Netherland government on Tuesday lost a legal appeal against a landmark court ruling which ordered it to slash greenhouse gases by at least 25 percent by 2020.
The Hague appeals court upheld a 2015 court victory by environmental rights group Urgenda, which sought to force a national reduction of emissions blamed for global warming.
“The state is acting unlawfully and in violation of the duty of care,” the ruling said, according to the Netherland news agency ANP.
The government had argued that “because the court made a policy and political choice” it had overreached its powers.
The low-lying Netherlands is particularly vulnerable to sea level rises caused by climate change.
Urgenda director Marjan Minnesma, center right, hugs members of her legal team after the court turned down an appeal of the Dutch government against a 2015 landmark ruling ordering the government to cut the country’s greenhouse gas emissions by at least 25 percent by 2020 in a climate case that activists hope will set a worldwide precedent, in The Hague, Netherlands.
Urgenda hailed the decision, saying on Twitter: “The judge made mincemeat out of the state’s appeal. A 25 percent drop by 2020 is only the minimum! The government needs to work!”.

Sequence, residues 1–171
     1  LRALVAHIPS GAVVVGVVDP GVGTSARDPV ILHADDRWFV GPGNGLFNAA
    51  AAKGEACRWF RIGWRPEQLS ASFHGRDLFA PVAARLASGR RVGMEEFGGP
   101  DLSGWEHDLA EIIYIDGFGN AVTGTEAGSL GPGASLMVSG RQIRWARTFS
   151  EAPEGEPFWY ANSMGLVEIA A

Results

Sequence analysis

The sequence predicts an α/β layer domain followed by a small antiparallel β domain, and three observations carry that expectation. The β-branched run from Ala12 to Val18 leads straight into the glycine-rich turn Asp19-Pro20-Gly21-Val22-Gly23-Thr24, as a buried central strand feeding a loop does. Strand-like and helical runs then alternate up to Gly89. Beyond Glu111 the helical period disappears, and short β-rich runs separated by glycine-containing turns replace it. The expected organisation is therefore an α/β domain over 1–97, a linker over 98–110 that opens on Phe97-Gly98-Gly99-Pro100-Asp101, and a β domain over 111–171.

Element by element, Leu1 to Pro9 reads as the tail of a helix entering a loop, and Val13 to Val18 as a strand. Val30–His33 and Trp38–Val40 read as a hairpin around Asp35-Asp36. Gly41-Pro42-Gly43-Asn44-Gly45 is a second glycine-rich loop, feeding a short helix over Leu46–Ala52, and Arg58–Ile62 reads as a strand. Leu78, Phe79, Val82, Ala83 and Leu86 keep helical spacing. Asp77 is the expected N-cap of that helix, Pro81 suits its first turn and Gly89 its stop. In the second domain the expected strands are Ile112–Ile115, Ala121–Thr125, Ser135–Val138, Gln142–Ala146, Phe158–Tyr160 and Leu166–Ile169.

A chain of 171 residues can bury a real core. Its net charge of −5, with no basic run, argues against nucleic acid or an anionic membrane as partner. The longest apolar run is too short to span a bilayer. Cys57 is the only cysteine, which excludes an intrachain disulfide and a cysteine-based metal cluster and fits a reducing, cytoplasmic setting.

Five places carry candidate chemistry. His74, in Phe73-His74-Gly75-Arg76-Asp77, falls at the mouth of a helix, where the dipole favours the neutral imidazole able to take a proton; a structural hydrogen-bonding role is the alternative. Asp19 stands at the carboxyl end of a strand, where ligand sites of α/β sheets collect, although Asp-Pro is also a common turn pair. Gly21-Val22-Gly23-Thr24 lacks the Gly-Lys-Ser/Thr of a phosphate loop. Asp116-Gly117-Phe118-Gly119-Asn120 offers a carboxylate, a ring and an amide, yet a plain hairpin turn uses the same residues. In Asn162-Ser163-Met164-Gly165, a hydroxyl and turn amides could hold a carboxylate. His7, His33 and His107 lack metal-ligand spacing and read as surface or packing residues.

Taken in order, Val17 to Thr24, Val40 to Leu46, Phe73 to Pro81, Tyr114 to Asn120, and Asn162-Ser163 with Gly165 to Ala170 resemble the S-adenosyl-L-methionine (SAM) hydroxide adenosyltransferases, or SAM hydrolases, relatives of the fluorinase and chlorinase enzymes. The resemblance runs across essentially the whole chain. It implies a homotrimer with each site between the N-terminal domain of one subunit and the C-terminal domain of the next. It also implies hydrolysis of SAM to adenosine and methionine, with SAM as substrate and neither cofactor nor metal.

The group brought the case in April 2015 on behalf of some 900 Netherland citizens.
The court at the time found in favour of the rights group, exhorting the government to do more in a ruling handed down a few months ahead of the Paris Climate Agreement.
The global Paris deal sets out measures to reduce greenhouse gas emissions and prevent temperatures rising by more than two degrees Celsius.
The appeals court ruling comes a day after the UN’s Intergovernmental Panel for Climate Change (IPCC) said in a landmark report Monday that warming is on track toward an unliveable 3C or 4C rise and avoiding global chaos will require a major transformation.
The Netherland government has plans to close two of its oldest coal-fire plants by 2025.
Three remaining coal plants will have to shut by 2030, with the Netherlands committed to reduce carbon dioxide emissions by 49 percent by then.